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A hemorrhage from the nose, referred to as epistaxis, is caused by the rupture of tiny, distended vessels in the mucous membrane of any area of the nose. Rarely does epistaxis originate in the densely vascular tissue over the turbinates. Most commonly, the site is the anterior septum, where three major blood vessels enter the nasal cavity: (1) the anterior ethmoidal artery on the forward part of the roof (Kesselbach’s plexus), (2) the sphenopalatine artery in the posterosuperior region, and (3) the internal maxil-lary branches (the plexus of veins located at the back of the lateral wall under the inferior turbinate).
There are a variety of causes associated with epistaxis, including trauma, infection, inhalation of illicit drugs, cardiovascular dis-eases, blood dyscrasias, nasal tumors, low humidity, a foreign body in the nose, and a deviated nasal septum. Additionally, vigorous nose blowing and nose picking have been associated with epistaxis.
Management of epistaxis depends on the location of the bleeding site. A nasal speculum or headlight may be used to determine the site of bleeding in the nasal cavity. Most nosebleeds originate from the anterior portion of the nose. Initial treatment may in-clude applying direct pressure. The patient sits upright with the head tilted forward to prevent swallowing and aspiration of blood and is directed to pinch the soft outer portion of the nose against the midline septum for 5 or 10 minutes continuously. If this mea-sure is unsuccessful, additional treatment is indicated. In anterior nosebleeds, the area may be treated with a silver nitrate applica-tor and Gelfoam, or by electrocautery. Topical vasoconstrictors, such as adrenaline (1 1,000), cocaine (0.5%), and phenylephrine may be prescribed.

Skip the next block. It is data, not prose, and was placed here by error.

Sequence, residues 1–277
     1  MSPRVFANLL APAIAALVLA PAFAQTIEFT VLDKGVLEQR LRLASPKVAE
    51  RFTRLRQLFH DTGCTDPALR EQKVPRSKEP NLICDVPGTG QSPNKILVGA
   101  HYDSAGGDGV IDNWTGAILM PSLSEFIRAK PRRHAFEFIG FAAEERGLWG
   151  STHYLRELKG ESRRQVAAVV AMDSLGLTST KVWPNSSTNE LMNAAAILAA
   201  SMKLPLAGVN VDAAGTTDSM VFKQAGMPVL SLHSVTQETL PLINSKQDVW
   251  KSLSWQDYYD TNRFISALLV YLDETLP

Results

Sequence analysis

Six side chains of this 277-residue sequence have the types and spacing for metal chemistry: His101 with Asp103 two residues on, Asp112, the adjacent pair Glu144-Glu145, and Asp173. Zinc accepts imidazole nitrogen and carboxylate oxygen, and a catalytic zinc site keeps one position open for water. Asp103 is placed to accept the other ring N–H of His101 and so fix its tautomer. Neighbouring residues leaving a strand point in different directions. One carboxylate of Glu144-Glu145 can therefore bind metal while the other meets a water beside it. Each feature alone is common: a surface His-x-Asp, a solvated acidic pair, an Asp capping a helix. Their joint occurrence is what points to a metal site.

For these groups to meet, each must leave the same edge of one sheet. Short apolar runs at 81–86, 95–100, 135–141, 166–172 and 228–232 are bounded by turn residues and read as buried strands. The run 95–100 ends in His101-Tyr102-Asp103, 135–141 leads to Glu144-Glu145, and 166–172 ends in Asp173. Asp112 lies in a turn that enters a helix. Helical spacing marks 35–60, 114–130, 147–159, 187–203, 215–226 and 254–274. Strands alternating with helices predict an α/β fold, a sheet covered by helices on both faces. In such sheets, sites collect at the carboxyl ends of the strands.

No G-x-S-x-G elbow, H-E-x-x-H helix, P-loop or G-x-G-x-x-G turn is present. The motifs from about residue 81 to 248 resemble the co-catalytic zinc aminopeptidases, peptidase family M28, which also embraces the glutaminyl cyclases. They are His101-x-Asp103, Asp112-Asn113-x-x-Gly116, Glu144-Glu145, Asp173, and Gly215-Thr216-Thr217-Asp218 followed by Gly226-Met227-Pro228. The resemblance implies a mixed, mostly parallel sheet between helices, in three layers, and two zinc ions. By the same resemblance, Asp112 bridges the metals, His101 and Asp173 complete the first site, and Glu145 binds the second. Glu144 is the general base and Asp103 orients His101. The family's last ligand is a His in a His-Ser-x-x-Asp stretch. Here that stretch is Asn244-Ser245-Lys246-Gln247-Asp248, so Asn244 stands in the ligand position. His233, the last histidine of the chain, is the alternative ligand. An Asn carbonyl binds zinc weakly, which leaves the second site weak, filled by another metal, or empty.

If bleeding is occurring from the posterior regions, cotton pledgets soaked in a vasoconstricting solution may be inserted into the nose to reduce the blood flow and improve the exam-iner’s view of the bleeding site. Alternatively, a cotton tampon may be used to try to stop the bleeding. Suction may be used to remove excess blood and clots from the field of inspection. The search for the bleeding site should shift from the anteroinferior quadrant to the anterosuperior, then to the posterosuperior, and finally to the posteroinferior area. The field is kept clear by using suction and by shifting the cotton tampon. Only about 60% of the total nasal cavity can actually be seen, however.
When the origin of the bleeding cannot be identified, the nose may be packed with gauze impregnated with petrolatum jelly or antibiotic ointment; a topical anesthetic spray and decongestant agent may be used prior to inserting the gauze packing, or a balloon-inflated catheter may be used (Fig. 22-4). The packing may remain in place for 48 hours or up to 5 or 6 days if necessary to control bleeding. Antibiotics may be prescribed because of the risk of iatrogenic sinusitis and toxic shock syndrome.
The nurse monitors the vital signs, assists in the control of bleed-ing, and provides tissues and an emesis basin to allow the patient to expectorate any excess blood. It is not uncommon for patients to be anxious in response to a nosebleed. Blood loss on clothing and handkerchiefs can be frightening, and the nasal examination and treatment are uncomfortable. Assuring the patient in a calm, efficient manner that bleeding can be controlled can help reduce anxiety.
Discharge teaching includes reviewing ways to prevent epistaxis: avoiding forceful nose blowing, straining, high altitudes, and nasal trauma (including nose picking).
Adequate humidification may prevent drying of the nasal passages. The nurse instructs the patient how to apply direct pressure to the nose with the thumb and the index finger for 15 minutes in the case of a recurrent nosebleed. If recurrent bleeding cannot be stopped, the patient is instructed to seek additional medical attention.
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